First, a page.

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What are men suffering in silence from?

Writer: Stephen Stratton, MA Medical Anthropology, Marta Perez Fernandez, BA Economics and Development Studies

I am a nurse. I first trained as a psychiatric nurse 35 years ago, in a nursing school at a Victorian asylum (with all its connotations) in Essex. I’m still unsure why I chose this profession: I can only, after all these years, recognize that it was either 30 years of therapy or 30 years of nursing.

Over the years, I have witnessed a steady increase in positive attitudes towards mental health. When I trained, the Mental Health Act hadn’t been reviewed since the 50s. Unregulated control and restraint, the regimented routine of custodial care, the miles and miles of criss crossing corridors and redbrick walls, are no more. Yet, mental illness still has to struggle to get the recognition it deserves, despite high profile attention.

In 2012 I became a full time Carer for my son, who has suffered with mental illness for the past fifteen years. We’ve realized men’s mental illness gets even less recognition.

It’s not often appreciated that men disproportionately suffer more from psychosis. For example, early onset schizophrenia between the ages of 18 and 30 affects young men more than women. The issue doesn’t appear to be recognition of symptoms – rather the impulse to seek help. The gendered assumption of men as invulnerable and strong disempowers them: despite any invalidation based on assumptions, a societal perception of women as ‘vulnerable’ leads to better care and a less final diagnosis.

There is also the issue of dual diagnosis. Oftentimes schizophrenia is paired with alcohol or substance abuse, which arguably should be treated like a mental illness in itself. In this case, they can be seen as symptomatic relief of a more serious problem. However, there is a discrepancy in treatment here also: in my experience, a woman with alcohol or substance abuse problems is more likely to be victimized and perceived as vulnerable to the influence of some male figure. Men, however, are given agency when they abuse substances. This difference in perception obviously impacts the treatment and care, as well as perceptions from family members and wider society.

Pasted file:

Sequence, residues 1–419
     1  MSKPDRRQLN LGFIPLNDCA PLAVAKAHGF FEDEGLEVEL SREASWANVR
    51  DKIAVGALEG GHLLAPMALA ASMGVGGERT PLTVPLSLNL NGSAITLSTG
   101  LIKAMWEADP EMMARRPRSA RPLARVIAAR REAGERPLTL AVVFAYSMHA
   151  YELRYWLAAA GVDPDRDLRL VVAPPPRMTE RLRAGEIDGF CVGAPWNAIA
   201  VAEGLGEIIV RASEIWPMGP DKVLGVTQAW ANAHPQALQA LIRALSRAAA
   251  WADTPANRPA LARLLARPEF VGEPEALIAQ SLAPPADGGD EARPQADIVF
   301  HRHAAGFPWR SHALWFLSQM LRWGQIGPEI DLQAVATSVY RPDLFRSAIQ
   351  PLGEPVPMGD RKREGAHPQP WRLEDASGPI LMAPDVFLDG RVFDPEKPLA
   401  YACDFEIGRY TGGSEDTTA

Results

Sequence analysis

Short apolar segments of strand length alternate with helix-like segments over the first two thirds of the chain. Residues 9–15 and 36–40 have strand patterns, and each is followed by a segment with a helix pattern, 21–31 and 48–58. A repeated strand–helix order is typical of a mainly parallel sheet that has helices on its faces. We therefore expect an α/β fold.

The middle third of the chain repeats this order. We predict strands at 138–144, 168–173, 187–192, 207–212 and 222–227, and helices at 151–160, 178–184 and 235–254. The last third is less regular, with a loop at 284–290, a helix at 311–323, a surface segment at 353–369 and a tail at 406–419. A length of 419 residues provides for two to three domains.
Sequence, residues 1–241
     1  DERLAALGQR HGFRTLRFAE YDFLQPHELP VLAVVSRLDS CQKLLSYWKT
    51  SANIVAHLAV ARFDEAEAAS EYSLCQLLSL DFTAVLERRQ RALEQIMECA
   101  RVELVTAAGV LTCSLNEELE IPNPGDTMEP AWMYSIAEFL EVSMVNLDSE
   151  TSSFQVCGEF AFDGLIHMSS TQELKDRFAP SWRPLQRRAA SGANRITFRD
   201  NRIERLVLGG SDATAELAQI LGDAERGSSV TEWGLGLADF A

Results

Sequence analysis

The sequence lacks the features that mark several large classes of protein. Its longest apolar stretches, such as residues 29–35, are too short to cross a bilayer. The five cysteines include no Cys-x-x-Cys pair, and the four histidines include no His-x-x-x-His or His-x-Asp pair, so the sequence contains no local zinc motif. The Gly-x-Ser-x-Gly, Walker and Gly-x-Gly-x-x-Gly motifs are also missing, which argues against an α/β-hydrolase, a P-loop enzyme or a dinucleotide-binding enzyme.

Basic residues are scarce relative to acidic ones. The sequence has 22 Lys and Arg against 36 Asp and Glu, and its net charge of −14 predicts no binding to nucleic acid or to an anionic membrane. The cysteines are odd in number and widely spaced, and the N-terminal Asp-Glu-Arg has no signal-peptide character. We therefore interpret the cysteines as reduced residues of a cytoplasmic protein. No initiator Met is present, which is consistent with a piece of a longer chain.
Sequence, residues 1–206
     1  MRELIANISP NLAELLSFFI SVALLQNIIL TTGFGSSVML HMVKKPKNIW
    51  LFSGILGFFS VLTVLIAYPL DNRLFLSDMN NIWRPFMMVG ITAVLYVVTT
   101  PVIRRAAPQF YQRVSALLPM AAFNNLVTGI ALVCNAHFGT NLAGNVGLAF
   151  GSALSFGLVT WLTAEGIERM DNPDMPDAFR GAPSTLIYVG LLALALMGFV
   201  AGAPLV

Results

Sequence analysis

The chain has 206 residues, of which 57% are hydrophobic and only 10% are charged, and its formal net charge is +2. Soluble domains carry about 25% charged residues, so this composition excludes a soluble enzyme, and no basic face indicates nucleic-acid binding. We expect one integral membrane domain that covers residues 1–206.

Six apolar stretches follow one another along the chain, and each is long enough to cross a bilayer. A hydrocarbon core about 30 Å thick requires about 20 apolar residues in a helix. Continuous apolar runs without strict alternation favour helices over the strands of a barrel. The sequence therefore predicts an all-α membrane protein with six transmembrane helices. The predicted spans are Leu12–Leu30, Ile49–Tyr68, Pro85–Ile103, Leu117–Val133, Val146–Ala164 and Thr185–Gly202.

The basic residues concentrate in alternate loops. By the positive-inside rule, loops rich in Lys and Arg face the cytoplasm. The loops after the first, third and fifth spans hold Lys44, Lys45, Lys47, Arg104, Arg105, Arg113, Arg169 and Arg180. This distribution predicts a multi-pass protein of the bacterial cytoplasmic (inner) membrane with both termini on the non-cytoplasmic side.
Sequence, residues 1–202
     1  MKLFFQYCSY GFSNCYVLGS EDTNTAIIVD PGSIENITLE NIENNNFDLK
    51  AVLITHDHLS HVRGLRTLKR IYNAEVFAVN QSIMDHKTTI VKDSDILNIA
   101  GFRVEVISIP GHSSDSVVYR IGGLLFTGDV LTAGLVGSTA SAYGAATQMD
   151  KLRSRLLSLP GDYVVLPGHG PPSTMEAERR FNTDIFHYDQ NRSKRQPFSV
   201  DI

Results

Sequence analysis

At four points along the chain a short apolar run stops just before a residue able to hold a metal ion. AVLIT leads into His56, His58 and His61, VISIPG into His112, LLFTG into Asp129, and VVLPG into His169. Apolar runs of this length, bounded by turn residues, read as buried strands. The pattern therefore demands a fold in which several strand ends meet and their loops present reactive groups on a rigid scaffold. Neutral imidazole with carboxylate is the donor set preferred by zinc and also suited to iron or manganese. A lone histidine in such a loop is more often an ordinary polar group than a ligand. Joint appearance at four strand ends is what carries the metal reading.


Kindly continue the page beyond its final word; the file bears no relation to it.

There are many charities and organisations that offer men-specific advice and support and some offer helplines, like CALM (Campaign Against Living Miserably) but here societal perceptions hit harder than ever. It’s not that I don’t know where to go to help- I just can’t bring myself to admit that I occasionally need that help. Throughout these mental illnesses we have often been left struggling for no other reason than being men. The tremendous feelings of guilt and being a failure, should I simply wish to talk to someone about how difficult some days, are not uncommon amongst men in stressful situations.  This invincibility is hardwired into our mind-sets from such an early age- the fact that suicide is the single biggest killer in men under 45 in the U.K and that 75% of all U.K suicides are male is no coincidence.

There are glaringly obvious disparities in other areas of health, for example screening for male cancers, such as testicular and prostate. Spending and research is overwhelmingly in favour of cancers affecting women. This inclination comes from the assumption men don’t need NHS help, that they can look after themselves.

There’s a wider point here.

Over the preceding years as a male nurse I occasionally experienced levels of unwanted female attention. It’s brushed off as “you know what she’s like, loves a bit of a flirt” and other complacencies. If men were empowered to consider these undesired advances as assault, we might be willing to concede our vulnerabilities.  What are men suffering in silence from?

35 years ago as an 18 year old student psychiatric nurse I was at a clinical ward review, the only man in the room. Part way through the review a social worker had suggested that some of the female patients may benefit from a ‘Women Only’ group. Eager to please, I suggested the very same for the men on the ward. Within minutes I was asked to leave the room. I should hope that, if that were to happen today, my request would be considered.

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